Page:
where B, N, Eb, $${\hat{E}}_{b}$$, Fi,α denote the batch size, number of atoms, batch of true energies, batch of predicted energies, and the force component on atom i in spatial direction α, respectively and λE, λF are energy and force weights. Following previous works, for the revMD-17 data the force weight was set to 1000 and the weight on the total potential energies was set to 1. For the 3BPA molecules, as in ref. 68, we used a per-atom MSE term that divides the energy term by $${N}_{atoms}^{2}$$ because (a) the potential energy is a global size-extensive property, and (b) we use a MSE loss function:

$${{{{{{{\mathcal{L}}}}}}}}=\frac{{\lambda }_{E}}{B}\mathop{\sum }\limits_{b}^{B}{\left(\frac{{\hat{E}}_{b}-{E}_{b}}{N}\right)}^{2}+\frac{{\lambda }_{F}}{3BN}\mathop{\sum }\limits_{i=1}^{BN}\mathop{\sum }\limits_{\alpha=1}^{3}\left|\left|-\frac{\partial \hat{E}}{\partial {r}_{i,\alpha }}-{F}_{i,\alpha }\right|\right|^{2}$$
(30)

After this normalization, both the energy and the force term receive a weight of 1. Models were trained with the Adam optimizer69 in PyTorch57, with default parameters of β1 = 0.9, β2 = 0.999, and ϵ = 10−8 without weight decay. We used a learning rate of 0.002 and a batch size of 5. The learning rate was reduced using an on-plateau scheduler based on the validation loss with a patience of 100 and a decay factor of 0.8. We use an exponential moving average with weight 0.99 to evaluate on the validation set as well as for the final model. Training was stopped when one of the following conditions was reached: (a) a maximum training time of 7 days, (b) a maximum number of epochs of 100,000, (c) no improvement in the validation loss for 1000 epochs, (d) the learning rate dropped lower than 1e-6. We note that such long wall times are usually not required and highly accurate models can typically be obtained within a matter of hours or even minutes. All models were trained with float32 precision.

#### 3BPA, NequIP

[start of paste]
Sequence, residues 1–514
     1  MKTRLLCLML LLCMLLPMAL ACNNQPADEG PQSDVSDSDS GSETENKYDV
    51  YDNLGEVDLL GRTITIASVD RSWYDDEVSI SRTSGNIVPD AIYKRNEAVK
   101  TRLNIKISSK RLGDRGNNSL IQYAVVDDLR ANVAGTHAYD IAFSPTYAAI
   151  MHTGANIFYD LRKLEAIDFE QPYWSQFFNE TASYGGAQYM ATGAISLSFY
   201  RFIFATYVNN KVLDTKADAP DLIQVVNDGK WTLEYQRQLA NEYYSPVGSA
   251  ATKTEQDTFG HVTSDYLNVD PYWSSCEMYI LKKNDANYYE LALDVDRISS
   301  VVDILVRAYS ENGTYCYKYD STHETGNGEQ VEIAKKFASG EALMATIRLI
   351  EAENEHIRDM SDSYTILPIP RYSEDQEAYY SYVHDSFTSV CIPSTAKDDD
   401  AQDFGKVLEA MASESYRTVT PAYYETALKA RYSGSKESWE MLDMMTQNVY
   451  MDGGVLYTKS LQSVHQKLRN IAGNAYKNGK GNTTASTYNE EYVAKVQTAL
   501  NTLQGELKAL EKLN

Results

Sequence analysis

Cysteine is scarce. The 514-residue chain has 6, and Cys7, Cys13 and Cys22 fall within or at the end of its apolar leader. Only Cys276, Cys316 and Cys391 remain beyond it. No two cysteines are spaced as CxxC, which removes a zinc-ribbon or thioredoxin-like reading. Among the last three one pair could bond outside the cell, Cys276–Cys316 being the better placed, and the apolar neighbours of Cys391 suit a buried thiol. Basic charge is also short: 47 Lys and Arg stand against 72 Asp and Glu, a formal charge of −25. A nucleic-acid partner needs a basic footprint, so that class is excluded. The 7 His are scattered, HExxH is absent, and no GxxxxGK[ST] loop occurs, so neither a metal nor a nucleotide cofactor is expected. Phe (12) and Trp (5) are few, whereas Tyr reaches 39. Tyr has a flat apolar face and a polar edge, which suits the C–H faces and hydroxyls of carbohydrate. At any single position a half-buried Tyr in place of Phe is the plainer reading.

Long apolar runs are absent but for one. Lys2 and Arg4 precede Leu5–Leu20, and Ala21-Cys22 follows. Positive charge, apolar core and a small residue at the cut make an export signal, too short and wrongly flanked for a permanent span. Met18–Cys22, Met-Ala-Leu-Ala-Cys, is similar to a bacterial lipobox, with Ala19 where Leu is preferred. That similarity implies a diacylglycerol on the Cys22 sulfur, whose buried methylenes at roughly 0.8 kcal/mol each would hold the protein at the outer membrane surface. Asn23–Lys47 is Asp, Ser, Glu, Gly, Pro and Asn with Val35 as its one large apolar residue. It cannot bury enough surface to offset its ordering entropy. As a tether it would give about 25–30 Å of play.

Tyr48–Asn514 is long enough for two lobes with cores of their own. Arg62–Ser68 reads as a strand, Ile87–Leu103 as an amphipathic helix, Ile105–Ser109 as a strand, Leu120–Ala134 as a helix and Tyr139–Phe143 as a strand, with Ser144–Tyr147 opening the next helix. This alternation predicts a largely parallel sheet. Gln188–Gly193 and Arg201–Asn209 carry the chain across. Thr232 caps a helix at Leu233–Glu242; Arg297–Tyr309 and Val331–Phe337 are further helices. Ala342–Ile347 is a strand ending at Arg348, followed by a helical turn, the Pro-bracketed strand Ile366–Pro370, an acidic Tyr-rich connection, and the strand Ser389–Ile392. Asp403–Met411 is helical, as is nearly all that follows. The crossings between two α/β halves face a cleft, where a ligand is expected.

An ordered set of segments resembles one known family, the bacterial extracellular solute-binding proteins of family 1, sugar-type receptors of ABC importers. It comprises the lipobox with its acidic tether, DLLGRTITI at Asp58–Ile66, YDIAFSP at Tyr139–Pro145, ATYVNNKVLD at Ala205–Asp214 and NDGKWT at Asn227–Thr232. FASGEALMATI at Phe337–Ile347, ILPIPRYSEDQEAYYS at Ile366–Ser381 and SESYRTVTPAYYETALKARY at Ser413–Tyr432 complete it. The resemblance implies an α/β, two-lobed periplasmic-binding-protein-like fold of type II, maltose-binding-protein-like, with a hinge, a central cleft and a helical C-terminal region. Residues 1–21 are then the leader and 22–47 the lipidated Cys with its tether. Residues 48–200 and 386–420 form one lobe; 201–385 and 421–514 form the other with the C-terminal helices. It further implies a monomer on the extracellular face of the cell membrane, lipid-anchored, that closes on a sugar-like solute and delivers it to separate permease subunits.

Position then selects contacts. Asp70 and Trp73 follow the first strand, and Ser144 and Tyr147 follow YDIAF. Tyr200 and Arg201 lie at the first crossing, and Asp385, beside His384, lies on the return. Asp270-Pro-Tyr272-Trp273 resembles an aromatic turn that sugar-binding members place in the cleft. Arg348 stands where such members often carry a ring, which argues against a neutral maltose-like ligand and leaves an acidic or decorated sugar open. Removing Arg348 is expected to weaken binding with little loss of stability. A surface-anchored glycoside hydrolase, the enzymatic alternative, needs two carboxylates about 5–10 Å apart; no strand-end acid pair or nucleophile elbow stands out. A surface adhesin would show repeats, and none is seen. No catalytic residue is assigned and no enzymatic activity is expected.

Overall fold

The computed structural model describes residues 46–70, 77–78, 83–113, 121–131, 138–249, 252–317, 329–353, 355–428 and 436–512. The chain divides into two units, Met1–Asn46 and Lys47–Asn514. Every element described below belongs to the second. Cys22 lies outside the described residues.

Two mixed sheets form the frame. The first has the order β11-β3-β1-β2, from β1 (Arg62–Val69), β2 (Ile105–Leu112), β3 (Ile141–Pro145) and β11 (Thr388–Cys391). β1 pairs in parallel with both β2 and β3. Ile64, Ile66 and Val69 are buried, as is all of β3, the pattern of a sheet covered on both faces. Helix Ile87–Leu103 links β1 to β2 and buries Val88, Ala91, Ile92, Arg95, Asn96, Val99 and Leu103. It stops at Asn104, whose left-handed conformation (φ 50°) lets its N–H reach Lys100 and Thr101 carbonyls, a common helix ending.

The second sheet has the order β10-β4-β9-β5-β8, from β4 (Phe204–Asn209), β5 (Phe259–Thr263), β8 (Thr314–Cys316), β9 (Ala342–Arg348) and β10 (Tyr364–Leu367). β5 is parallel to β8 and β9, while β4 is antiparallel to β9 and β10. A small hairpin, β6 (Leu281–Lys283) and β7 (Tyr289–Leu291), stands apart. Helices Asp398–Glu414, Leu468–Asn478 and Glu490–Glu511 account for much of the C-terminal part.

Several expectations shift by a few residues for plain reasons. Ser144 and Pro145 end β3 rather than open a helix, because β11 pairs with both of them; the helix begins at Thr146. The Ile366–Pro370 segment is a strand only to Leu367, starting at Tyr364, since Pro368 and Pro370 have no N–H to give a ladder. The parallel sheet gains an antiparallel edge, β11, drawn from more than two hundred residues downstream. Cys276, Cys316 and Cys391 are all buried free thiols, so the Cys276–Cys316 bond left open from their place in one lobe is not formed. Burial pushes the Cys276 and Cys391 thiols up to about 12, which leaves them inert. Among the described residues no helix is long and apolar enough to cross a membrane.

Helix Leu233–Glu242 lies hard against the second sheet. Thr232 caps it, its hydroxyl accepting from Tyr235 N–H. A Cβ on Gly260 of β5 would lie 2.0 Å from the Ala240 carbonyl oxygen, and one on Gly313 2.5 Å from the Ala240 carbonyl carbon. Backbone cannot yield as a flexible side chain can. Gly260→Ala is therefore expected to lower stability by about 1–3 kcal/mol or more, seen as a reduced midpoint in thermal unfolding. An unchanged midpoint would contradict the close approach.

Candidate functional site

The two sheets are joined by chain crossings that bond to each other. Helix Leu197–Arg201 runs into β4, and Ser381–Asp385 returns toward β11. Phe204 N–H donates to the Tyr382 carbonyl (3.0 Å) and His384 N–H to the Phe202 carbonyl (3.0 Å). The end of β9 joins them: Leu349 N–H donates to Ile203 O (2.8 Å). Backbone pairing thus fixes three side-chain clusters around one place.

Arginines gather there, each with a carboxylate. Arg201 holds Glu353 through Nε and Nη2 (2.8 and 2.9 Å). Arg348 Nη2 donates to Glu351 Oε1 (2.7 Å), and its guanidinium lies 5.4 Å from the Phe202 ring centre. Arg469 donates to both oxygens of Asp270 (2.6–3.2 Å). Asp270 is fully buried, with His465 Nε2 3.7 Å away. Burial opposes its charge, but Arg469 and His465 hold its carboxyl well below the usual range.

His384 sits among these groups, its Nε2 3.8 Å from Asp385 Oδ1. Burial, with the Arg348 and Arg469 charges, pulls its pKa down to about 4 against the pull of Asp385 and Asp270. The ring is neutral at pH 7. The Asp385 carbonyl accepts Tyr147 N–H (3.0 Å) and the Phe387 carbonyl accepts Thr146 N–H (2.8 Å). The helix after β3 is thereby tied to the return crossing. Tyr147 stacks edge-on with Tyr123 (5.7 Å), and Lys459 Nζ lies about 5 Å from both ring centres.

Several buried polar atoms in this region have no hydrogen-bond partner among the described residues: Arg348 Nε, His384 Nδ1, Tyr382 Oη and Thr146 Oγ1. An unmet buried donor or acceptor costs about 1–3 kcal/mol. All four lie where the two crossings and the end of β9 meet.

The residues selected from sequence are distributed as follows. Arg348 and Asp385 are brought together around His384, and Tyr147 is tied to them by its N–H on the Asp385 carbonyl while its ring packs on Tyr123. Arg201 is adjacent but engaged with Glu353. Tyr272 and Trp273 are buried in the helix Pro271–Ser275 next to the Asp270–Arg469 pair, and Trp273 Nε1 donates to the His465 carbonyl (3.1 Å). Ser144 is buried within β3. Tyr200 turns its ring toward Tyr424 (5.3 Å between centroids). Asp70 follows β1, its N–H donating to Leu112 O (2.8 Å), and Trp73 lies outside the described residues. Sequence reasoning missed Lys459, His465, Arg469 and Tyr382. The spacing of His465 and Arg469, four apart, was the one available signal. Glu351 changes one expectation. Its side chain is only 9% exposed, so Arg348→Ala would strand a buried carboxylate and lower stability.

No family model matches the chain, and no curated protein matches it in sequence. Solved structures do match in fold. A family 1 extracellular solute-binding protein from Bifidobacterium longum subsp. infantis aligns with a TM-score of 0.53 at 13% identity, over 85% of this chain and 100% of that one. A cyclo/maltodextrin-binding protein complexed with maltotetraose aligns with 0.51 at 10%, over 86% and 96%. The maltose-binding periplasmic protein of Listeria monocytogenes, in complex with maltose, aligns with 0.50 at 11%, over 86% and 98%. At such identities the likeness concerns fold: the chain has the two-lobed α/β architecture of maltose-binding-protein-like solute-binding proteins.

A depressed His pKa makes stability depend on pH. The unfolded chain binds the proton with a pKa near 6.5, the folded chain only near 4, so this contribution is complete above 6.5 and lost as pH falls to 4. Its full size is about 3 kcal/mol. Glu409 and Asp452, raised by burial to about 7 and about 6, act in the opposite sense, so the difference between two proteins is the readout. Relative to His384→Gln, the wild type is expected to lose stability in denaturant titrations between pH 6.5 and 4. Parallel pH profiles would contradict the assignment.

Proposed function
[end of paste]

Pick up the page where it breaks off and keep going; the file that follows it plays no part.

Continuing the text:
The NequIP models on the 3BPA dataset were trained with a total budget of 500 molecules, split into 450 for training and 50 for validation. The dataset was re-shuffled after each epoch. We use 5 layers, 64 features for both even and odd irreps and a max = 3. We use a radial network of three layers with 64 hidden neurons and SiLU nonlinearities. We further use equivariant, SiLU-based gate nonlinearities as outlined in ref. 15, where even and odd scalars are not gated, but operated on directly by SiLU and tanh nonlinearities, respectively. We used a radial cutoff of 5.0 Å and a non-trainable Bessel basis of size 8 for the basis encoding with a polynomial envelope function using p = 2. Again, a low p value was found to be important. We use again a per-atom MSE loss function in which both the energy and the force term receive a weight of 1. Models were trained with Adam with the AMSGrad variant in the PyTorch implementation57,69,70,71, with default parameters of β1 = 0.9, β2 = 0.999, and ϵ = 10−8 without weight decay. We used a learning rate of 0.01 and a batch size of 5. The learning rate was reduced using an on-plateau scheduler based on the validation loss with a patience of 50 and a decay factor of 0.8. We use an exponential moving average with weight 0.99 to evaluate on the validation set as well as for the final model. Training was stopped when one of the following conditions was reached: (a) a maximum training time of 7 days, (b) a maximum number of epochs of 100,000, (c) no improvement in the validation loss for 1000 epochs, (d) the learning rate dropped lower than 1e-6. We note that such long wall times are usually not required and highly accurate models can typically be obtained within a matter of hours or even minutes. All models were trained with float32 precision. We use a per-atom shift $${\mu }_{{Z}_{i}}$$ via the average per-atom potential energy over all training frames and a per-atom scale $${\sigma }_{{Z}_{i}}$$ as the root-mean-square of the components of the forces over the training set.